gut – relating them in a way I
hadn’t seen before to the three
Aristotelian musketeers: logos
(head), pathos (chest), ethos (gut).
She’s very good on the NLP-derived
distinction between association
and disassociation: really valuable
if you’re working with a scientist or
technical specialist. She’s particularly
strong on the speaker’s attitude to eye, and the heart.’ It’s a touchingly
time: chronos (clock time: planning, vulnerable admission, but it serves to
intention) and kairos (being in the point up how jarringly his concluding
moment, attention). ‘All chronos,’ peroration on listening sits with the
she says, ‘makes you stiff and overly rest of the book.
analytical. All kairos makes you a little
fluffy and unstructured.’ Morgan’s theme, after all, is
alignment. Every conversation, he
Gravitas, it seems, is all about says, is two conversations: verbal and

W hy should speechwriters
read a book about finding
your voice? For me, it’s a no-brainer,
roots and wings. It’s about finding
the down-ness that gives you
non-verbal. When they’re aligned,
we believe the words. When not, ‘the
stability and trust in yourself, and the body language always trumps the
but few speechwriters seem to think spoken content.’
up-ness that opens you up to others.
about speaking as a physical activity.
And – for me, the best news of all – it Alignment is the key to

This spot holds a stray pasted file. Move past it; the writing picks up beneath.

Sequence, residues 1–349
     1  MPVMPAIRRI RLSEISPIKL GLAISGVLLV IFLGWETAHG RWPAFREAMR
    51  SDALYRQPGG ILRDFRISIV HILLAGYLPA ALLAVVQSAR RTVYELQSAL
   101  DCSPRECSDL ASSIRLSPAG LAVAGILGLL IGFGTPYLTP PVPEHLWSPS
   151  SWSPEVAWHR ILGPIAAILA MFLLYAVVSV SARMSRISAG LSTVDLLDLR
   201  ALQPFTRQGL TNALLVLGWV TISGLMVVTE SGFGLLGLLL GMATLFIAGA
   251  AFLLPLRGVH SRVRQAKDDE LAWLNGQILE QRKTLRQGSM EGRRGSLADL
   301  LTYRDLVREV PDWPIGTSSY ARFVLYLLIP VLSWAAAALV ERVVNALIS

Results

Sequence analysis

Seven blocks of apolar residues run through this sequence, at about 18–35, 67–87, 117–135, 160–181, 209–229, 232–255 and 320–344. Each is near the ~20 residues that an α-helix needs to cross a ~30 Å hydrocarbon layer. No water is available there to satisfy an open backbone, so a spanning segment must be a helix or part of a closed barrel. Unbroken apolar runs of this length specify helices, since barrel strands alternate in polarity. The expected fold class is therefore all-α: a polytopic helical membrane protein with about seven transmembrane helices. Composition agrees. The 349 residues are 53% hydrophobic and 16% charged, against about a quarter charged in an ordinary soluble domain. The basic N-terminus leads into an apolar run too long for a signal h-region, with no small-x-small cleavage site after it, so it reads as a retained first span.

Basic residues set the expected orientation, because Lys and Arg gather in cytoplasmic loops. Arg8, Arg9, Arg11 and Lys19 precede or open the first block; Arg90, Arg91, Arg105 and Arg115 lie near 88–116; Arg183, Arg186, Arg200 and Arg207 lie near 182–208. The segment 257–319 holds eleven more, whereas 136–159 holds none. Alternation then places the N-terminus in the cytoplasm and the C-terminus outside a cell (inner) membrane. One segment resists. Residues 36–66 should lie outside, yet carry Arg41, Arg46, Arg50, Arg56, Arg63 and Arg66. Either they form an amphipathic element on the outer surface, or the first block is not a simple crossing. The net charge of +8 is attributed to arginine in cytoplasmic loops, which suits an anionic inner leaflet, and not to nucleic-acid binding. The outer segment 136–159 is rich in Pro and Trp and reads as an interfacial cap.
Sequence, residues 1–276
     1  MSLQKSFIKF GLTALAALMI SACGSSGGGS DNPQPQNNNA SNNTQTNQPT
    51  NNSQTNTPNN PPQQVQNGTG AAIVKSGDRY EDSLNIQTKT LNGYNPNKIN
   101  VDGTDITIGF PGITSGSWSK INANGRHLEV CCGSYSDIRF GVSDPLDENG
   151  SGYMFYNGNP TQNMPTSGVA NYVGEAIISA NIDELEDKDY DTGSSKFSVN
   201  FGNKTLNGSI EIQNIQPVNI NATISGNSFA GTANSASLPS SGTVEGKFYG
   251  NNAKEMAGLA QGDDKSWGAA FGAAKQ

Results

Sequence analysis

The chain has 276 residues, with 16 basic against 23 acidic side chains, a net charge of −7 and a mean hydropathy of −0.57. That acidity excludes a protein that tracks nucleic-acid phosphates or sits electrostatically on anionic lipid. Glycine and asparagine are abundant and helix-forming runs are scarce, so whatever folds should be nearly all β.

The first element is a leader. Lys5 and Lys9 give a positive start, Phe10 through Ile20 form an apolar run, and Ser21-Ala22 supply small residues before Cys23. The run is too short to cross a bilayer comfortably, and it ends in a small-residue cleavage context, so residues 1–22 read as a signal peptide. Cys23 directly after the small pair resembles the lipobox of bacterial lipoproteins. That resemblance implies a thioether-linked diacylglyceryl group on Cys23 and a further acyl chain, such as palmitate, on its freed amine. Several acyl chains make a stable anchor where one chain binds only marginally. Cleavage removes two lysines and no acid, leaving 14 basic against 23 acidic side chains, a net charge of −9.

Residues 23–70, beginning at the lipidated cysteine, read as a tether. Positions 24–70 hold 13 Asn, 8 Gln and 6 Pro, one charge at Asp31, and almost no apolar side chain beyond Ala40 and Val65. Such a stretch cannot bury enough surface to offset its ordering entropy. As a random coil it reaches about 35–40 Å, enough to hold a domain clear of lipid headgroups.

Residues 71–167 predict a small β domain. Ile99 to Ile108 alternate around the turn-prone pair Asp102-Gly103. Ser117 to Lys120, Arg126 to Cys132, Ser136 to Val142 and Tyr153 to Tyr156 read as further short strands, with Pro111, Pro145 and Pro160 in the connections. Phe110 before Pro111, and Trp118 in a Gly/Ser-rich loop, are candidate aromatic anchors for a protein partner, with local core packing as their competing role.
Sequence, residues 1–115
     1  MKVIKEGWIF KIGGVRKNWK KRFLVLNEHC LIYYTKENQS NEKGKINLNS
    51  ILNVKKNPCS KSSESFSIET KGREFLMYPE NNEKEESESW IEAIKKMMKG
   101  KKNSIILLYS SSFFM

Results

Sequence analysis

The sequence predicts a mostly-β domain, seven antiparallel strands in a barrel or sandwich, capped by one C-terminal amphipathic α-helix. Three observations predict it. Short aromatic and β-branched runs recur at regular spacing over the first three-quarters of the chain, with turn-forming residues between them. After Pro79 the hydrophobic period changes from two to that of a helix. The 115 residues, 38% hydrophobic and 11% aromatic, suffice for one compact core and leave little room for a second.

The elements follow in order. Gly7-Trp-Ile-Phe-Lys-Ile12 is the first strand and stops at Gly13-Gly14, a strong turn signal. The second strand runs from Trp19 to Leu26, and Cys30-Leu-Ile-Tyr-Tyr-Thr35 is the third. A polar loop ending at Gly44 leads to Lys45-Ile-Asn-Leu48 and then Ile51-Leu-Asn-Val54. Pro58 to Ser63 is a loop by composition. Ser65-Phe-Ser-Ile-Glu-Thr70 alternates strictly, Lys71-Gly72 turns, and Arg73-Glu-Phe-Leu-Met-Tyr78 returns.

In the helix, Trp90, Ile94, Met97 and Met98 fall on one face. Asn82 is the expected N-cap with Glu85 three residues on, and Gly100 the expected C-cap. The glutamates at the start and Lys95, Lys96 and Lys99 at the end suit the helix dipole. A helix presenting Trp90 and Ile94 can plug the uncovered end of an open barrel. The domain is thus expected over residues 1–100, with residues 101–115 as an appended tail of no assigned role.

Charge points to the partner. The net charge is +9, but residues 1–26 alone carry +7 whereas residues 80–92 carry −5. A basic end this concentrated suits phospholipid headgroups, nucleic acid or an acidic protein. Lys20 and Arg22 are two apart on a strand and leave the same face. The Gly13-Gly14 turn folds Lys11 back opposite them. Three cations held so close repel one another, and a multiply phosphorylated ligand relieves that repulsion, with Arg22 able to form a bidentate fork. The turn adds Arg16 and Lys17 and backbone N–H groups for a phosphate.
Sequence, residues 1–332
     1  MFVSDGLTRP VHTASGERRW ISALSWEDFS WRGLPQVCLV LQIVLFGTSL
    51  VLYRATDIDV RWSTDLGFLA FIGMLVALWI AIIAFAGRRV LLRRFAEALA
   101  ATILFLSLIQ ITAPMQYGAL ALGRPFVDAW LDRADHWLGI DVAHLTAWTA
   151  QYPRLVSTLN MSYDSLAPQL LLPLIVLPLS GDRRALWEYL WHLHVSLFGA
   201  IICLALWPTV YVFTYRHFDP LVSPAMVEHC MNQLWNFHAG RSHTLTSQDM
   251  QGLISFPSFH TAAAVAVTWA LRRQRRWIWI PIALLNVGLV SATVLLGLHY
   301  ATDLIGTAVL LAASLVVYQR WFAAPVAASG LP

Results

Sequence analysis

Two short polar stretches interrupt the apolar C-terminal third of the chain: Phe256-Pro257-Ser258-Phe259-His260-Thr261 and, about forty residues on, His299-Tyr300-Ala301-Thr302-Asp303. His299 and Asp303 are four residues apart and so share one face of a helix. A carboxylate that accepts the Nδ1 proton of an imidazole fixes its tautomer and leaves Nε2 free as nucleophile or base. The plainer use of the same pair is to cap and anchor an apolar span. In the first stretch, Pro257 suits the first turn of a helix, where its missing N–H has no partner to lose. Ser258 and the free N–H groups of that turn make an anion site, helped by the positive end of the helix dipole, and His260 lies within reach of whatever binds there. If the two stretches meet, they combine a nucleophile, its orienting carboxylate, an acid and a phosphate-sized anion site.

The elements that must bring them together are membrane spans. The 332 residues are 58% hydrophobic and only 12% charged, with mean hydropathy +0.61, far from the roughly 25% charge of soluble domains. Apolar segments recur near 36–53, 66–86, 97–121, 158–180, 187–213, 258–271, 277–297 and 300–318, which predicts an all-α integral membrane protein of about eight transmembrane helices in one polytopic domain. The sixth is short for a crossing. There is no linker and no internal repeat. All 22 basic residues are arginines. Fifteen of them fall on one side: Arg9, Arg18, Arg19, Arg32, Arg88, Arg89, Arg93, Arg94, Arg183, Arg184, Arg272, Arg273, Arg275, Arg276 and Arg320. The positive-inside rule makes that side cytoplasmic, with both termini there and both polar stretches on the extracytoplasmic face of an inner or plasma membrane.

That’s odd. After all, the words we
improves with age. authenticity, on which subject he’s
write only live when they make
the air vibrate. In Caroline Goyder’s very good. ‘Authenticity is hard,’ he
You’ll find this book useful for says, ‘because we think it’s all about
words: ‘Body knowledge and mind
yourself. And it will help you become being, but it’s really all about doing.’
knowledge need to work together.’
the guru your speaker never knew Most of the time, we’re ‘a jumble of
they needed. unconscious fears and distractions’.
But speechwriters can’t supply
the body knowledge, right? We We need to ‘show up’ as the best
supply only the words. Power Cues: The Subtle version of ourselves. And that takes
practice. Authenticity is optimal
Science of Leading performance.
Start, then, with Principle 3
(there are seven in all). Goyder
Groups, Persuading Morgan promises that we can
provides plenty of techniques that a Others, and Maximizing perform more authentically by
speechwriter could adapt in coaxing Your Personal Impact following his seven ‘power cues’.
the real thoughts and feelings out By Nick Morgan People will believe us, identify with
of their speaker. Then look at her Harvard Business School Publishing, us and follow us. Our brains are hard-
chapter on presentations and talks: 2014, £16.99 Kindle edition £10.19 wired to be social: ‘we think what
much food for thought there, too. makes us human is our uniqueness,
‘I don’t know,’ says Nick Morgan in but it’s really our commonalities.’ We
But of course, speechwriters closing his new book, ‘if the Chinese seek community, and we seek leaders
often provide more than texts. We character for listening really does with charisma, which he defines as
can be gurus (the word in Sanskrit include the characters for the ear, the ‘focused emotion.’ Align; focus; lead.

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The Speechwriter July 2014 | Volume 15 3

Newsletter of The UK Speechwriters’ Guild